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This eBook from the Gutenberg Project consists of approximately 1,533 pages of information about The Wandering Jew Complete.

But, by a deplorable fatality, the last words, which would have completed the sense of the old workman’s thought, were spoken in so feeble a voice as to be quite unintelligible.  He died, leaving Marshal Simon in a worse state of anxiety, as one of the two courses open to him had now been formally condemned by his father, in whose judgment he had the most implicit and merited confidence.  In a word, his mind was now tortured by the doubt whether his father had intended, in the name of honor and duty, to advise him not to abandon his children, to engage in so hazardous an enterprise, or whether, on the contrary, he had wished him to leave them for a time, to perform the vow made to the emperor, and endeavor at least to rescue Napoleon ii. from a captivity that might soon be mortal.

This perplexity, rendered more cruel by certain circumstances, to be related hereafter, the tragical death of his father, who had expired in his arms; the incessant and painful remembrance of his wife, who had perished in a land of exile; and finally, the grief he felt at perceiving the overgrowing sadness of Rose and Blanche, occasioned severe shocks to Marshal Simon.  Let us add that, in spite of his natural intrepidity, so nobly proved by twenty years of war, the ravages of the cholera, the same terrible malady to which his wife had fallen a victim in Siberia, filled the marshal with involuntary dread.  Yes, this man of iron nerves, who had coolly braved death in so many battles, felt the habitual firmness of his character give way at sight of the scenes of desolation and mourning which Paris offered at every step.  Yet, when Mdlle. de Cardoville gathered round her the members of her family, to warn them against the plot of their enemies, the affectionate tenderness of Adrienne for Rose and Blanche appeared to exercise so happy an influence on their mysterious sorrow, that the marshal, forgetting for a moment his fatal regrets, thought only of enjoying this blessed change, which, alas! was but of short duration.  Having now recalled these facts to the mind of the reader, we shall continue our story.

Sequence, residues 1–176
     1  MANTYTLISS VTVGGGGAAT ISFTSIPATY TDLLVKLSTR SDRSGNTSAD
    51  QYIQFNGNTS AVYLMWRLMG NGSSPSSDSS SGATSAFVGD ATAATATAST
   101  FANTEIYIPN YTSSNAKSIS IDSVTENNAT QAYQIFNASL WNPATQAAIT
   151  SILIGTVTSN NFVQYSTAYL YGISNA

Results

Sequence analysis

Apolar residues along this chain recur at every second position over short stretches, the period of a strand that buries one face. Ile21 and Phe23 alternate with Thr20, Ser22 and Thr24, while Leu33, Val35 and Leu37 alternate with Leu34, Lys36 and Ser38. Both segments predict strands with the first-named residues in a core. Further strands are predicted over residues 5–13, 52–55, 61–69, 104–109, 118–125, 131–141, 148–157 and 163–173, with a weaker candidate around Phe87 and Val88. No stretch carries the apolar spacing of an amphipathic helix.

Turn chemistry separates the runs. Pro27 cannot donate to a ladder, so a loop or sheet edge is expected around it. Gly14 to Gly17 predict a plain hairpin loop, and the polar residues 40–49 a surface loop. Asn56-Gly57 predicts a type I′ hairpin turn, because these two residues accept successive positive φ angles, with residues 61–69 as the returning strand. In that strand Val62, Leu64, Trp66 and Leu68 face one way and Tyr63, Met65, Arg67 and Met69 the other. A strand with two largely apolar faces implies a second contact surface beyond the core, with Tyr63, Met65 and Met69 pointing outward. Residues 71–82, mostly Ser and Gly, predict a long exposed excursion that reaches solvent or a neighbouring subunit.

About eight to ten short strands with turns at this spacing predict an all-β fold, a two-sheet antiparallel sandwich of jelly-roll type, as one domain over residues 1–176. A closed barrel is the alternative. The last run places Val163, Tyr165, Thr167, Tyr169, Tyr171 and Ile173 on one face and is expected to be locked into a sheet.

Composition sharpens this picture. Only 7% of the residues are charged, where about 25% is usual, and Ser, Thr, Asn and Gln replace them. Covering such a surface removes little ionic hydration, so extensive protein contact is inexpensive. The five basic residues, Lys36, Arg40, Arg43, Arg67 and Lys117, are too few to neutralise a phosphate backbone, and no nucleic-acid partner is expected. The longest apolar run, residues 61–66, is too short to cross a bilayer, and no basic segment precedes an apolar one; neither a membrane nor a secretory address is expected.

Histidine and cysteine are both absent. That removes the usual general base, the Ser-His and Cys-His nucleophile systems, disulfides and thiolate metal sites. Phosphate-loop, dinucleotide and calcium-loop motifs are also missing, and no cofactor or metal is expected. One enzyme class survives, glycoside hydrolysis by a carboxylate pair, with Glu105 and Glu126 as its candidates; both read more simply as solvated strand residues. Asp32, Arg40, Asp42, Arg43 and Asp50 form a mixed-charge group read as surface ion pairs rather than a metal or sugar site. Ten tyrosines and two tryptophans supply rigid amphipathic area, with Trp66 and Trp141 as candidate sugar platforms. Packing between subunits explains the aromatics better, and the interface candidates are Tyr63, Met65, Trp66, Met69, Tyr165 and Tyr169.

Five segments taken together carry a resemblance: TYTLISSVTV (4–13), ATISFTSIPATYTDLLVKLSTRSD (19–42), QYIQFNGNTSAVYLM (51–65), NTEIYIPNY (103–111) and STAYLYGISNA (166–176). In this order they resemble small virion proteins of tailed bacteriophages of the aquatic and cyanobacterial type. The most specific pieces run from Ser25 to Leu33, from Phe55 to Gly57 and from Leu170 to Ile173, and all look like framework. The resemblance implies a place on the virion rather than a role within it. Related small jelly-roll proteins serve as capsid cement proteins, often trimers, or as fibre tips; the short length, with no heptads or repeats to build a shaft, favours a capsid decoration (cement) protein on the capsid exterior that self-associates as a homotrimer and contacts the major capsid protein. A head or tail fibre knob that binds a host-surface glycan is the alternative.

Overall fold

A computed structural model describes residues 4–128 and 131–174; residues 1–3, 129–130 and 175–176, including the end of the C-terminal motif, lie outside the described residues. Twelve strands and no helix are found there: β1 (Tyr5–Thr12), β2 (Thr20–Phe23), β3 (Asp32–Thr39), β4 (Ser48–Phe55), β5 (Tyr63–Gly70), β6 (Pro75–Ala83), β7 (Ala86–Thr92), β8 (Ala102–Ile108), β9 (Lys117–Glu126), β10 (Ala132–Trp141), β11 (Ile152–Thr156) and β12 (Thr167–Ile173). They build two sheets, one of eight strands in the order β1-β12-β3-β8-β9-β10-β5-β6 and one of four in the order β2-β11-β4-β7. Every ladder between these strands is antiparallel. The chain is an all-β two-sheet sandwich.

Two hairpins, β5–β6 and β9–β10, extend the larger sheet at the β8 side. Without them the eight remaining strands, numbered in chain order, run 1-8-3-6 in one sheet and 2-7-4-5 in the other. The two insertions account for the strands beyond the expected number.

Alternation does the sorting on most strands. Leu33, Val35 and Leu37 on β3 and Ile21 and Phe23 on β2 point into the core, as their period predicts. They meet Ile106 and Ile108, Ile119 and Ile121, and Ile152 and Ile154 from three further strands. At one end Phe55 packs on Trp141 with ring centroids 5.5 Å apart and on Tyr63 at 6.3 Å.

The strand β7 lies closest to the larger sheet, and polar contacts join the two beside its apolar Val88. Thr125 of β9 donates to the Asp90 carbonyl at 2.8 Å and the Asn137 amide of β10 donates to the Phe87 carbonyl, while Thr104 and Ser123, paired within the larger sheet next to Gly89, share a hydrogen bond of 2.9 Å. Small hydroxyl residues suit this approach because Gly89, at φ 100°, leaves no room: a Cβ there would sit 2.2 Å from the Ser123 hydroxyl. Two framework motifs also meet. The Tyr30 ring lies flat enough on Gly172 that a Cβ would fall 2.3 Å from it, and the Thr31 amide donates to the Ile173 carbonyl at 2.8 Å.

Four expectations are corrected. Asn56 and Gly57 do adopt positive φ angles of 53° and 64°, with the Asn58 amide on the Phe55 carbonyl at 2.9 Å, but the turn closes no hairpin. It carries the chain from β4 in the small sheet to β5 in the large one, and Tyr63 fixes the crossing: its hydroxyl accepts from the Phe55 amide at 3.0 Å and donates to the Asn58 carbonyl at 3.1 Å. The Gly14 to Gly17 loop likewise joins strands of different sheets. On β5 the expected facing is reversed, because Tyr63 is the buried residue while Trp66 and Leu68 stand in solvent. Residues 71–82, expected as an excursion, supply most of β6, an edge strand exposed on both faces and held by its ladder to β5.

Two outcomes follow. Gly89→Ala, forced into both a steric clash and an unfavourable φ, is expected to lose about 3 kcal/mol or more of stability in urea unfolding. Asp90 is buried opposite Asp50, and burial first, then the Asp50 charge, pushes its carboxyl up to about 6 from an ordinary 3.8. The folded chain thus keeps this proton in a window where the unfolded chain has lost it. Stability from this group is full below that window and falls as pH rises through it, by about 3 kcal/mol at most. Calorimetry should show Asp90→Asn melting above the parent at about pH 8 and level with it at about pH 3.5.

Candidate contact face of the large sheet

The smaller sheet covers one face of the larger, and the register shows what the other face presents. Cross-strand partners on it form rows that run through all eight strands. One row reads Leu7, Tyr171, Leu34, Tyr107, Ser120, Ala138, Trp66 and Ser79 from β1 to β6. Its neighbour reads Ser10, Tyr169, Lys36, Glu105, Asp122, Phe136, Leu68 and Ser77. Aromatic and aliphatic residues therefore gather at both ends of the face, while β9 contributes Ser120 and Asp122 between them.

CHAPTER XLV.

THE BLOCKHEAD

We have stated that Marshal Simon occupied a small house in the Rue des Trois-Freres.  Two o’clock in the afternoon had just struck in the marshal’s sleeping-chamber, a room furnished with military simplicity.  In the recess, in which stood the bed, hung a trophy composed of the arms used by the marshal during his campaigns.  On the secretary opposite was a small bronze bust of the emperor, the only ornament of the apartment.  Out of doors the temperature was far from warm, and the marshal had become susceptible to cold during his long residence in India.  A good fire therefore blazed upon the hearth.  A door, concealed by the hangings, and leading to a back staircase, opened slowly, and a man entered the chamber.  He carried a basket of wood, and advanced leisurely to the fireplace, before which he knelt clown, and began to arrange the logs symmetrically in a box that stood besides the hearth.  After some minutes occupied in this manner, still kneeling, he gradually approached another door, at a little distance from the chimney, and appeared to listen with deep attention, as if he wished to hear what was passing in the next room.

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